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New NHS reforms are good, but take them with a pinch of salt

In an age where everything the British government does (or does not do) seem to be at best “ill-informed”, or at worst “shameful”, the newly proposed NHS reforms seem like a breath of fresh air. These new reforms, which according to Health Secretary Matt Hancock will mean a focus “on the health of the population, not just the health of patients,” should be a welcomed change for the National Health Service, as opposed to the private sector driven reforms under previous Conservative governments.

What exactly are these reforms? Simply put, they are designed to reduce bureaucracy between health organisations, making it easier for patients to receive well rounded treatment packages tailored to their needs. The white paper also includes legislation which will scrap the tendering rule, which will result in a decrease in the role of competing private organisations in our health service.

It is rather bizarre to see a Tory government going against their neoliberal ideology for once, given their tendencies with privatisation, austerity, and other fiscal matters in the decades since Thatcher became Prime Minister. However, encouraging them to see a different path than neoliberalism, rather than calling them hypocrites to their own ideology or digging for problems, would be more productive. What is right needs to be recognised and praised.

When nearly 225,000 patients in England are now on waiting lists longer than a year for operations by the NHS, we the people all want to see some positive steps taken to support our most treasured national institution, and this is one of those steps. Although these proposals seem a long way off solving problems this large, the reduction in bureaucracy it’s aiming to achieve should at least help some patients speed up getting the full range of care they need. A small step forward is better than no step at all.

However, encouraging them to see a different path than neoliberalism, rather than calling them hypocrites to their own ideology or digging for problems, would be more productive

However, the timing of these reforms is nonetheless odd. As Labour points out; why is the government considering such restructuring of the NHS “in the middle of the biggest public health crisis [it] has ever faced?” When so many healthcare workers are exhausted after a year of constantly dealing with death, saved lives, and new strands of the virus, is it really the most suitable time to introduce instability into their jobs now?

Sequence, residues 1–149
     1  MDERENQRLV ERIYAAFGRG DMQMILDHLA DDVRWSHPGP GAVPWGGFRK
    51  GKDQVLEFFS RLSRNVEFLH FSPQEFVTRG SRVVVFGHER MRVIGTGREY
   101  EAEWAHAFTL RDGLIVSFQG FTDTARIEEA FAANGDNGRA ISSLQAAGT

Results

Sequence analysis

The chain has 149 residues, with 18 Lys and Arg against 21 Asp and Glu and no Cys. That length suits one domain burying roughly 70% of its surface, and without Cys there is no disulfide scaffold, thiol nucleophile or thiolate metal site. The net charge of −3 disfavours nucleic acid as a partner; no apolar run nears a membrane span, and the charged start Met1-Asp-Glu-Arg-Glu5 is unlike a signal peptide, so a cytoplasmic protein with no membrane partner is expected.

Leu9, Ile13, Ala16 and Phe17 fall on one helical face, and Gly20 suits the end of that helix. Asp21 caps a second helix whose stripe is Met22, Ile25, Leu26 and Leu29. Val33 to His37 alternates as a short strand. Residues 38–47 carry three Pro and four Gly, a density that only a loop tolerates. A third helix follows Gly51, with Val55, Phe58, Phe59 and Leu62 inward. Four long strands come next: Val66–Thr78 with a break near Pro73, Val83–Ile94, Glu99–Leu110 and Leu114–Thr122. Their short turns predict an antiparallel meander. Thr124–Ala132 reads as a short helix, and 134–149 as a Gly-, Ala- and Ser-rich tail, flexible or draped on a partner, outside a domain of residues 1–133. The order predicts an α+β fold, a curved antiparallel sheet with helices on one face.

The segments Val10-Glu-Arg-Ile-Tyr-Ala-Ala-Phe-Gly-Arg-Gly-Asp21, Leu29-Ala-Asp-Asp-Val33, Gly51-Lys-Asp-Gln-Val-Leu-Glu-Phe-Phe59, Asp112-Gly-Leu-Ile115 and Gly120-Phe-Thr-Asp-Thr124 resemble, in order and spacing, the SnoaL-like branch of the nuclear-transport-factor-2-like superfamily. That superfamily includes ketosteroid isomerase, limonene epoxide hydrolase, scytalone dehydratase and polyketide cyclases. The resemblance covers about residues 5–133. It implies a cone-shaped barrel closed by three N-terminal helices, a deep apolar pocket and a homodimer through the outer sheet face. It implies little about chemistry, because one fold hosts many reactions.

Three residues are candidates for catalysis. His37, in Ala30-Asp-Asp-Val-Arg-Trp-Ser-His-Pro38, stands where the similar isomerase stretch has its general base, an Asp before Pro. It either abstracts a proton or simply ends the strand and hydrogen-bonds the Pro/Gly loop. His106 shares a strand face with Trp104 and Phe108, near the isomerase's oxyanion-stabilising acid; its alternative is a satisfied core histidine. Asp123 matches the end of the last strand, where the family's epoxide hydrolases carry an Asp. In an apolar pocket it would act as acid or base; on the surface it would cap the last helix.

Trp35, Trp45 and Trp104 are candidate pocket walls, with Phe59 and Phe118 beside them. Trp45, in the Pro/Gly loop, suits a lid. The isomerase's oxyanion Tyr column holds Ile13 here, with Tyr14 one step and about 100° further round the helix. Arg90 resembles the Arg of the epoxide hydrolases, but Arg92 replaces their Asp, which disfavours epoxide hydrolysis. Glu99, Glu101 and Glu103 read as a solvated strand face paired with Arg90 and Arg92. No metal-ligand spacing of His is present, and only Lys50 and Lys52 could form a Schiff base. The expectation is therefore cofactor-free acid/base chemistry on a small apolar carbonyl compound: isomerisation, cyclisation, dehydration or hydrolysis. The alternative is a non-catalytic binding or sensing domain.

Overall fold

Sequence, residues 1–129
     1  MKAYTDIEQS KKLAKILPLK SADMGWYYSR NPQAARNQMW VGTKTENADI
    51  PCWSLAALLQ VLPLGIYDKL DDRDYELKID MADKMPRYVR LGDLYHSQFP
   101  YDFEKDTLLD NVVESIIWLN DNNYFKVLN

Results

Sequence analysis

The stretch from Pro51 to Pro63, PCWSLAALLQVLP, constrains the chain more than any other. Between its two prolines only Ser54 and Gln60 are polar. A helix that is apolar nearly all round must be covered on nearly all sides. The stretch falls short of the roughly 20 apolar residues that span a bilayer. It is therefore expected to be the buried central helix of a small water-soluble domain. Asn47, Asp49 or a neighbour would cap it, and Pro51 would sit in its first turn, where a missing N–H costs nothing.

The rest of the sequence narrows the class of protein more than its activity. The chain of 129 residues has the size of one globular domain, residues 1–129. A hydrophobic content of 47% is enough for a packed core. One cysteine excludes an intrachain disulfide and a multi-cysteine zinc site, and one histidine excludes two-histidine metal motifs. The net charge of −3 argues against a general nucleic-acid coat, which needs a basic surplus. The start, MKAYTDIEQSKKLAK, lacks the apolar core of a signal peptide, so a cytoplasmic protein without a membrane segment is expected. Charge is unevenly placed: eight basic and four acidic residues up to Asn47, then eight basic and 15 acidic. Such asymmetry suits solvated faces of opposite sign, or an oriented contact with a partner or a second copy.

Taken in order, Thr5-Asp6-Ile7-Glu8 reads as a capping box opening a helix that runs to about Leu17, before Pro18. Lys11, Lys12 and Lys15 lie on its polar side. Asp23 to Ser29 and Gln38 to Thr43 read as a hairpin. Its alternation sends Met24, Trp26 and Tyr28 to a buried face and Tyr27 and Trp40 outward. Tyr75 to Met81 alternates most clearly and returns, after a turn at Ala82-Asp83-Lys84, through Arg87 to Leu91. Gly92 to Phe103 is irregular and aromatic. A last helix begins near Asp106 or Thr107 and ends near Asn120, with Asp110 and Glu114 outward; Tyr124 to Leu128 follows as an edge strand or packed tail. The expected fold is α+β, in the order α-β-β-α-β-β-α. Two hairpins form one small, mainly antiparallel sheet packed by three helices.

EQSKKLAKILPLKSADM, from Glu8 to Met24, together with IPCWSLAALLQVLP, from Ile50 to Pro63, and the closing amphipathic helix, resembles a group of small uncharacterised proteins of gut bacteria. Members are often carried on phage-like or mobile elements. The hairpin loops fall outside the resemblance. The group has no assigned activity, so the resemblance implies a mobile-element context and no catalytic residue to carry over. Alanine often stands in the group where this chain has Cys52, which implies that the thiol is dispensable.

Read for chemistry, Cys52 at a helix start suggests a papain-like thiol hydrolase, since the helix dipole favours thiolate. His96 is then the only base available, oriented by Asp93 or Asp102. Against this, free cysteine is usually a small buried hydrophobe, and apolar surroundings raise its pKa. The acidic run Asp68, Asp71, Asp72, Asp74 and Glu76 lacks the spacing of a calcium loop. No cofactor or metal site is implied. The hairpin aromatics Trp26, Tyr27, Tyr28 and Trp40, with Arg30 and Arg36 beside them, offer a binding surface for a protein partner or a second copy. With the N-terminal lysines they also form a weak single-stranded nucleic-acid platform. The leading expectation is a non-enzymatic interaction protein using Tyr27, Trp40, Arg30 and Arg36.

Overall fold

Mr. Hancock clearly doesn’t see a problem, stating that “there is no better time than now.” But I wonder what were the real intentions behind such a move. Ever since the start of the UK’s second wave of Covid in September, Prime Minister Boris Johnson’s disapproval ratings have never been higher, averaging around 57% according to YouGov.

Being a liberal democracy, naturally we’d expect a poorly performing government to try to find ways to save their bad ratings in anticipation for elections. Seeing as even in the days when Brexit dominated every political discussion in the UK, health remained a steady second place for most important issues for voters. During times of a pandemic like today, it is even more apparent that catering policy to concerns about the NHS seems like a sound strategy for the government to win back approval. This is especially relevant considering poor handling of the pandemic arguably lost the Tories so much support in the first place.

During times of a pandemic like today, it is even more apparent that catering policy to concerns about the NHS seems like a sound strategy for the government to win back approval

There is nothing inherently wrong with this. Even if the government really were proposing these changes for the mere sake of public approval, after all, this is how a democracy is supposed to function, Mr. Johnson and his party are simply fulfilling their duty to be ‘for the people’.

What worries me is if these reforms were made to satisfy the minimum ‘indifference curve’ (if we were to use economic terminology) of the people. If Mr. Hancock can really fully ditch the neoliberal, anti government spending, ideology, and be truly ‘for the people’, he would realise that what we really want would require more funding as well, not just structural changes. 

225,000 on a waiting list for NHS operations for longer than 52 weeks cannot be fixed by merely reducing paper work or increased government control over public health issues. We need real increases in medical resources, be it more staff or more equipment, if we are to cope with pandemics like Covid-19 in the future and improve the NHS in times of normal operations as well.

A step forward is a step forward any way we look at it, these changes introduced recently should be seen in a positive light. But at the same time we must keep holding the government up to scrutiny. The Tories cannot expect to continue winning elections through pleasing the British people by the smallest of margins, all the while pursuing their own ideology driven interests as their primary goal. These new NHS reforms are good, but take them with a pinch of salt.

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